19 November 2019
In today's increasingly monitored social media landscape, travellers need to be ever more mindful of what they post and share on their social media profiles to avoid unnecessary scrutiny from local authorities.
Social media has revolutionised the way we communicate with each other and transmit information to the world-at-large. However, with this increased visibility, travellers should be mindful of the risks involved in using social media, especially in a world where Instagram, Facebook, and Twitter spread information instantly and are monitored by government authorities. A post on Facebook criticising the Sultan of Brunei for example can land you in serious trouble with authorities there. Indeed, posts or tweets deemed to be anti-government in nature can potentially land you in jail in dozens of countries, from Turkey to Thailand. Even just sharing or liking posts of a particular political or religious nature could get you unwanted attention from local authorities in specific countries. In Thailand, there have been several cases of foreign nationals being jailed for posting or sharing comments critical of the king on social media, which is a strict offence under the country's tough lese majeste laws. In November 2017, a British national was arrested in India for spreading social media content deemed offensive to the Indian government over its alleged role in the 1984 anti-Sikh riots. As a general rule, travellers should avoid sharing, posting or liking any content that can be deemed to be political or religious in nature, especially when you are in a country where spreading such content is considered an offence.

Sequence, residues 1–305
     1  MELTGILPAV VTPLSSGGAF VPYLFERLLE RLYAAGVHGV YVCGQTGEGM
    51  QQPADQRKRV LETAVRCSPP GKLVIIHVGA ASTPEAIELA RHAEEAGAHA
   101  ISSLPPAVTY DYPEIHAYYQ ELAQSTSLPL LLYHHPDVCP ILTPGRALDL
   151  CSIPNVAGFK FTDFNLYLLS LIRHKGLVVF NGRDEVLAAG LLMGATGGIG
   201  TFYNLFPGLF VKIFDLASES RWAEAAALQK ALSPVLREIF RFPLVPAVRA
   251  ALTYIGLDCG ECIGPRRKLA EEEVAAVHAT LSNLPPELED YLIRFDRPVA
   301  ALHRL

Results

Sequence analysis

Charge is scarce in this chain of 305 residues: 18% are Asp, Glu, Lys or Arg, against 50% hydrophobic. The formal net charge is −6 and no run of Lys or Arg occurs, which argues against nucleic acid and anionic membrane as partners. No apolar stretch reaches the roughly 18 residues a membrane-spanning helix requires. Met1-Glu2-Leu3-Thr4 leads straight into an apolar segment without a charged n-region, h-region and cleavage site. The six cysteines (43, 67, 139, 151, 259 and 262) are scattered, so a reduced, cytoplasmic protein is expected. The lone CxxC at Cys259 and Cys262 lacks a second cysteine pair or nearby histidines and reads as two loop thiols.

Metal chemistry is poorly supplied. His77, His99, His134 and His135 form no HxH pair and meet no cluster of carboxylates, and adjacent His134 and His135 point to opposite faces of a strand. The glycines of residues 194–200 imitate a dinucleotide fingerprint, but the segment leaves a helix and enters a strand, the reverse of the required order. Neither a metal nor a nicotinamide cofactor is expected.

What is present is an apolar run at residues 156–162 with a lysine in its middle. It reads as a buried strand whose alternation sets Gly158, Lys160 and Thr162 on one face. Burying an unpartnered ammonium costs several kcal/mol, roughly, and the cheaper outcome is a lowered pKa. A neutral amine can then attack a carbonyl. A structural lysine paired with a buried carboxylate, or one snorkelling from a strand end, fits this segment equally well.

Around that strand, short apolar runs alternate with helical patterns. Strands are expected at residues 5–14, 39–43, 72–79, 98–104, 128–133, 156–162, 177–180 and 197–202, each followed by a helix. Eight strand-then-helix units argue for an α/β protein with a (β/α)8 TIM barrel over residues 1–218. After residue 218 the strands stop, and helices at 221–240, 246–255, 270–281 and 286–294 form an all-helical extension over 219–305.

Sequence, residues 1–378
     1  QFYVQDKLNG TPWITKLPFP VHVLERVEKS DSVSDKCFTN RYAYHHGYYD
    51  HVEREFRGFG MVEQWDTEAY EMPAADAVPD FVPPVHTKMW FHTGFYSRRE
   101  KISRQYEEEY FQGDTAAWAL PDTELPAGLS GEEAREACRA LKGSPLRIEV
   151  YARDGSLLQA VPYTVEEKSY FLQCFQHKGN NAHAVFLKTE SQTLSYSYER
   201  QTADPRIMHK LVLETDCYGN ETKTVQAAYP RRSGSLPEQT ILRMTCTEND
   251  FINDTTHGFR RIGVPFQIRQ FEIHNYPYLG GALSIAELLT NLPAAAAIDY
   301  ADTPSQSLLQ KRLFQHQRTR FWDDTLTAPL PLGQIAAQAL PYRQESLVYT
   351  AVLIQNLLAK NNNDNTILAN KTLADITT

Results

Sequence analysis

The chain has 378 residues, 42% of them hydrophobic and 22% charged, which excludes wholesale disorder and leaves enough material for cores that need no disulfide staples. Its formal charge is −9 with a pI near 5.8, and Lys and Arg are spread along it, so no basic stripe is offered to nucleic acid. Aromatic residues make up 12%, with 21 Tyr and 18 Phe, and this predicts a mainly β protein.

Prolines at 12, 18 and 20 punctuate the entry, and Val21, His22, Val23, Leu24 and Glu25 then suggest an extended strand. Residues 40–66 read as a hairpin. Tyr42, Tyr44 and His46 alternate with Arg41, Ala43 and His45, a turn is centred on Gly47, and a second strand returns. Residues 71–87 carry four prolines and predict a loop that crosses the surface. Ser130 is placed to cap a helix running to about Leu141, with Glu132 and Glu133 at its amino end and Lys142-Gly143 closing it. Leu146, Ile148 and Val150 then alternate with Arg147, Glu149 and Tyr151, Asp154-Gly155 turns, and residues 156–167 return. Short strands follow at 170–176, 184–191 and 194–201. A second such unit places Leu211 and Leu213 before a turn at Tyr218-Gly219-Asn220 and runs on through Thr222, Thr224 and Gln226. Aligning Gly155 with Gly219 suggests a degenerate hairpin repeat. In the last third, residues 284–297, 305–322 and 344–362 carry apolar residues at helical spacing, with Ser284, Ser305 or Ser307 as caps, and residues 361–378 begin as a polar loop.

In addition to that, the monitoring of social media activity by government authorities also raises concerns of privacy and personal data security. While it is an accepted fact that law enforcement in most countries around the world do monitor social media to a certain degree to scan for legitimate security threats, some countries like Russia and China have pervasive ICT surveillance measures in place which could lead to data breaches. In November 2018, it came to light that Russian-based IP addresses had been pulling vast amounts of personal data from Facebook and other social media platforms since 2014. In this instance, bringing in a blank device might make sense for the purposes of business critical travel to such countries.
Keeping all this in mind, it is vital for travellers to be well-informed of potential technology and communication risks in the country they are visiting and to be mindful of their social media activity. To assist today’s travellers to better navigate this risk landscape, Riskline has developed comprehensive reports on Technology & Communication Risks (TCRs) for 225 countries which encompass things like whether there are restrictions to internet access and social media in a particular country, and whether you can end up in trouble if you flout these rules. By being prepared and well-informed, travellers will be able to take necessary steps to mitigate such risks and as such avoid the hassle of being questioned by local authorities over your social media activity for example.